Posts filed under: KSBlog

The Children's MArch - animated slide show

On Tuesday, May 2, 2017, fifty-four years to the day after the Children’s’ Crusade of Birmingham, Alabama, began, hundreds of young singers from Find Your Instrument! Choir, Keystone State Boychoir, and Pennsylvania Girlchoir continued the message of heroism and hope when they performed The Children’s March at Girard College in Philadelphia. In the 1960s, the Children’s Crusade was a pivotal event in the Civil Rights Movement that exemplified bravery by hundreds of children who used non-violent protest in the face arrests and fire hoses. 

The Children’s March was written by two Philadelphia artists: composer Andrew Bleckner and internationally renowned storyteller and librettist Charlotte Blake Alston. A grant from the National Endowment for the Arts (NEA) helped fund this performance of The Children’s March, which was originally commissioned by Singing City in 2013. Many remember news reports and TV footage of the heroic actions of hundreds of children in the face of police dogs, fire hoses and batons which brought national attention to the Civil Rights Movement and helped end segregation in Birmingham. The youngest marcher, who was jailed for a week, was only 9 years old.

Some of the singers performing at Girard College are the same age as the protesters were at the time. “The message of this piece is powerful,” said Steven Fisher, founder and artistic director of Keystone State Boychoir. He added, “We want our singers to know that they matter, that their voices matter, and that by singing together, they have the power to change the world.”

The Children’s March garnered public attention including articles in The Philadelphia Citizen, The Philadelphia Tribune, and coverage by 6ABC.


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April 27, 2017

Commonwealth Youthchoirs—which wowed the Pope in 2015—presents “The Children’s March” to commemorate the children of the 1963 Birmingham protest and to inspire young people today

“This work reminds our children of the power of standing up for something they believe in,” says Fisher. “It also reminds the adults that children have a lot of power. We tend to say kids are too idealistic or say, ‘You don’t understand how the world works,’ but back in 1963, when those kids marched against segregation, their idealism worked to everyone’s advantage.”

Read full article.

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Early in my career, I was fortunate enough to spend a week with Alice Parker in a summer workshop at Westminster Choir College. Alice is a legend in choral music, our choral matriarch, if you will.

The pearls of wisdom she offered us on a daily basis were an embarrassment of choral riches. But one pearl stood out to me and has stayed with me, continuously revealing its wisdom to me over the years. At the very end of the week, Alice said, “I’m going to leave you with this parting thought and it’s the most important thing I will have said all week.” I was hanging on every word. “Above all,” she said, “be musical in your mistakes.” She went on. “It’s easy to be musical when all is going well. The mark of a great musician is to be calm, collected, and musical while the mistake is happening so that you can do what is needed to ‘right the choral ship.’ Teach yourself and your singers to ’embrace the mistakes.’ That is musical greatness.” As a young conductor, I remember being a bit deflated by these imparting words. I thought, “Isn’t the ultimate goal as a choir director and as a choir to be PERFECT?” I was determined to reach a point in my career where there were no mistakes.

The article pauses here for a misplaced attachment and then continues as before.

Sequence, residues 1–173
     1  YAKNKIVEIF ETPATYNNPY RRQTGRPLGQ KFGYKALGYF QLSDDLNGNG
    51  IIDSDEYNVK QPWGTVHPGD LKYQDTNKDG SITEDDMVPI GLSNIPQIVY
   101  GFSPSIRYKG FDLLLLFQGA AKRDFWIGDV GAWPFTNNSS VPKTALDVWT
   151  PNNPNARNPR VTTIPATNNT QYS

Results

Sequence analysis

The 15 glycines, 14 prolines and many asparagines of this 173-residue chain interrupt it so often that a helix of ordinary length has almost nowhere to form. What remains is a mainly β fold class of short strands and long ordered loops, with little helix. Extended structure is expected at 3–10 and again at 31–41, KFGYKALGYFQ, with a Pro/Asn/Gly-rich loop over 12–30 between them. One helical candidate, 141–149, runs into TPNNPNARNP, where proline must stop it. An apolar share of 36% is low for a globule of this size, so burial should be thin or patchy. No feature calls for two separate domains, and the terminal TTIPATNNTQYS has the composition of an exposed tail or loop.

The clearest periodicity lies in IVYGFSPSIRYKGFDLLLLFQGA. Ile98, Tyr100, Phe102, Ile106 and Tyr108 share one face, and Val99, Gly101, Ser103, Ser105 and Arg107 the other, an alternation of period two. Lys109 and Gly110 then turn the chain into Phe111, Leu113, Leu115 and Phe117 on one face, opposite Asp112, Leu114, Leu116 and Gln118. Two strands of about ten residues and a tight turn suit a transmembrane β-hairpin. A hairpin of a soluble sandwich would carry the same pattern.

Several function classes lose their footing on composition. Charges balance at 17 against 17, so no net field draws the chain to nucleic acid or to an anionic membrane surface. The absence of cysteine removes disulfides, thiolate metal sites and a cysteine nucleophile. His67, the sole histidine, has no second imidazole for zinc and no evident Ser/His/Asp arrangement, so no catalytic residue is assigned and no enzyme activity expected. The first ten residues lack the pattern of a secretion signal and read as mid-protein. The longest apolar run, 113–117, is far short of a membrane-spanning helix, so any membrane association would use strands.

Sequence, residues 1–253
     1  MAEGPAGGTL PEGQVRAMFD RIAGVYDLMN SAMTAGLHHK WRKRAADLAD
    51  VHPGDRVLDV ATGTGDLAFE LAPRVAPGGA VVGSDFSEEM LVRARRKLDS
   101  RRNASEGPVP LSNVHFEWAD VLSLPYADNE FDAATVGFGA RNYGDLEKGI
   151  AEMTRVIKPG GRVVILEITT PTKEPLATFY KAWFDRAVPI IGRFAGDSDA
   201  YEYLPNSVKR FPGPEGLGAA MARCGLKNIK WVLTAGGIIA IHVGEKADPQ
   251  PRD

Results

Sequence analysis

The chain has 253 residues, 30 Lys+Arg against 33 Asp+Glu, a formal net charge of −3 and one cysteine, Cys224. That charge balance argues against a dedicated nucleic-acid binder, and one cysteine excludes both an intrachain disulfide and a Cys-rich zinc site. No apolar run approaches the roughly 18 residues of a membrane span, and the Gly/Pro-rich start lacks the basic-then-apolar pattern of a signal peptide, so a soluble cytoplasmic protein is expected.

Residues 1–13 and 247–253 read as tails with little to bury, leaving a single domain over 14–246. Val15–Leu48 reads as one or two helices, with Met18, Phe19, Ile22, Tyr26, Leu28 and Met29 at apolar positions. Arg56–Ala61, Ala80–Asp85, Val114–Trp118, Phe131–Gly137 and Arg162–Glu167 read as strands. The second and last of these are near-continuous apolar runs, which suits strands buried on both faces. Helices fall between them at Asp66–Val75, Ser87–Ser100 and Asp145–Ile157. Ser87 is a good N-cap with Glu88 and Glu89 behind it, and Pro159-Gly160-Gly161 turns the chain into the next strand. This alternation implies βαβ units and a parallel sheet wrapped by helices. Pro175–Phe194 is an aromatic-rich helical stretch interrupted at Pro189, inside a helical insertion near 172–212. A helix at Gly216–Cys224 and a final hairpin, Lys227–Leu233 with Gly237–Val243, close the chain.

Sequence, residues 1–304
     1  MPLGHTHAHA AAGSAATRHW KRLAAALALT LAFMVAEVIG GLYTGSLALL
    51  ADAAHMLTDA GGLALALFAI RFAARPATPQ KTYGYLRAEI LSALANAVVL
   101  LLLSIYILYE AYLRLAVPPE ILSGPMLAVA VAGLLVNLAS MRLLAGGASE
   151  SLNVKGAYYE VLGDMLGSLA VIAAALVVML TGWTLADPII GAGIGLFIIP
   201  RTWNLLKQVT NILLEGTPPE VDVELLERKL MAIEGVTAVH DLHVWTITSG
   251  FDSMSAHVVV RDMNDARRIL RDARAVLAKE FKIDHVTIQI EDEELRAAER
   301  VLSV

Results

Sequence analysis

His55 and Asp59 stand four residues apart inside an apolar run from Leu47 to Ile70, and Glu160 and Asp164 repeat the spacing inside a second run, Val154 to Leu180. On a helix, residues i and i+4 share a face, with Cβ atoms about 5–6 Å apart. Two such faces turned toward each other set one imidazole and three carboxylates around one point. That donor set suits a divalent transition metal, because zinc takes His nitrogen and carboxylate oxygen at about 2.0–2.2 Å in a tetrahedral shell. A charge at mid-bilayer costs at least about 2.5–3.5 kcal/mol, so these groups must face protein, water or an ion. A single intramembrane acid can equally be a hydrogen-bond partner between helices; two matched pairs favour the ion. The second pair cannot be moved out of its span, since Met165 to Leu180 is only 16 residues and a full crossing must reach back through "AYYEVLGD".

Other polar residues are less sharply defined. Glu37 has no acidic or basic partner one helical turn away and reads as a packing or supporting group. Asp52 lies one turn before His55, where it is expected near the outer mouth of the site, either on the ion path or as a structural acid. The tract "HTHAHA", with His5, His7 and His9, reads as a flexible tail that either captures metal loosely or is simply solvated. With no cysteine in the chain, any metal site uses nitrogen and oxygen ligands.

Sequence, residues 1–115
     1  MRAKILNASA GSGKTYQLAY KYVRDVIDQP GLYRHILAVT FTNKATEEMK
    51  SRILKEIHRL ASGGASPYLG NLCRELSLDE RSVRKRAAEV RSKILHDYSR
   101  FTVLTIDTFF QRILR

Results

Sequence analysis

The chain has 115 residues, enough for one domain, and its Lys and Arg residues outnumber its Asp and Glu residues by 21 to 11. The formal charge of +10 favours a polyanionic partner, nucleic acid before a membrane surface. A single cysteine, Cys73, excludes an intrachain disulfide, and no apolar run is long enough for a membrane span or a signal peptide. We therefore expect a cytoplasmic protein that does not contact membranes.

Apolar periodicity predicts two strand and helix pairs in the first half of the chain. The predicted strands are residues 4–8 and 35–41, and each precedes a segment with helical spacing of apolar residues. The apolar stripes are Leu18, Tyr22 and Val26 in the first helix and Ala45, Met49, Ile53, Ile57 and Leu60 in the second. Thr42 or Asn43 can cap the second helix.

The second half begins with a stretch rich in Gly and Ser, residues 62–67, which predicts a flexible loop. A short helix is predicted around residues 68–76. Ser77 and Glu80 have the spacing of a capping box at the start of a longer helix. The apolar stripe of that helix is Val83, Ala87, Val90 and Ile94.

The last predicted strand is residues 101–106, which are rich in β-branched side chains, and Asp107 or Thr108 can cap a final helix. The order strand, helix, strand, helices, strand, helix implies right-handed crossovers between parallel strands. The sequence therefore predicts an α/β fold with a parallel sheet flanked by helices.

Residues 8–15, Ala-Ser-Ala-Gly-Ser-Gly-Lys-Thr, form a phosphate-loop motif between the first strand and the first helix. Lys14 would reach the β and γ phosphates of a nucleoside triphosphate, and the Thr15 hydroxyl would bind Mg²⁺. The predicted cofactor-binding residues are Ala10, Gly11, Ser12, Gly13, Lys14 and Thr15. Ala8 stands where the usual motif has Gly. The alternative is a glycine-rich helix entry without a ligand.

Since then, I’ve learned there is no such thing as “perfect.” There is no perfect person, no perfect job, no perfect life. There are no perfect choirs, no perfect singers, no perfect parents, and certainly no perfect choir directors. As conductors, as much as we try, as high as our standards are for ourselves, as often as we do our job well and get it right, there are times when “life happens” and we fall short – perhaps in poor repertoire selection, or in our lack of effective rehearsal preparation, with our less than perfect concert programming, in less than perfect conducting, or less than perfect tour planning. Choir Directors are human. We make mistakes. A lot.

Over the years, I’ve imparted Alice’s pearl of wisdom about mistakes to the boys of the Keystone State Boychoir. Before and after every performance, I remind the boys that the measure of success is not whether we were perfect – though “near perfect” is always a laudable goal and wonderful when it happens. The ultimate goal is to at all times be musical – and especially to be musical in our mistakes. I remind them that in the history of live performance – no matter how stellar the ensemble or performer – there has never been a 100% perfect performance. In the choral art, sometimes we do get to bask in a perfectly performed piece. Therein lies one of the great beauties of our art form. Our performances are typically made up of a bunch of musical “moments” – aka, songs or movements. With each new one on the program, there is the possibility for perfection, even if the piece before it was less than perfect. I’m reminded of the lyric by Stephen Sondheim: if life were only moments, then we’d never know we had one. And so, ironically, we actually need the less than stellar performance of a piece so we know when a stellar one happens.

When KSB was invited to perform in Minnesota at the ACDA National Convention, despite that pearl of wisdom from Alice I’ve always held on to, I immediately began having hopes (delusions) of choral perfection.   That is what all choral conductors dream of when such a high stakes opportunity comes. And somehow implicit in that dream is the secret hope that our choir will be considered one of the “better” ones, and that we will be deemed one of the “ better” conductors. Certainly, some degree of competitiveness and ego is healthy – necessary even. It’s what gets us out of bed in the morning, what drives us to persevere through the thousand challenges that come with attempting to do something extraordinary. But gone too far, competitiveness can cause us to lose sight of what’s important. I definitely experienced some of that blindness as we arrived in Minneapolis.

Enter Eph Ehly, twenty-five years after my crossing paths with Alice Parker. Eph is another choral legend. He also lost all his worldly belongings in a terrible house fire, and shortly after lost his beloved wife. He’s known success, and he knows all too well that life is not perfect.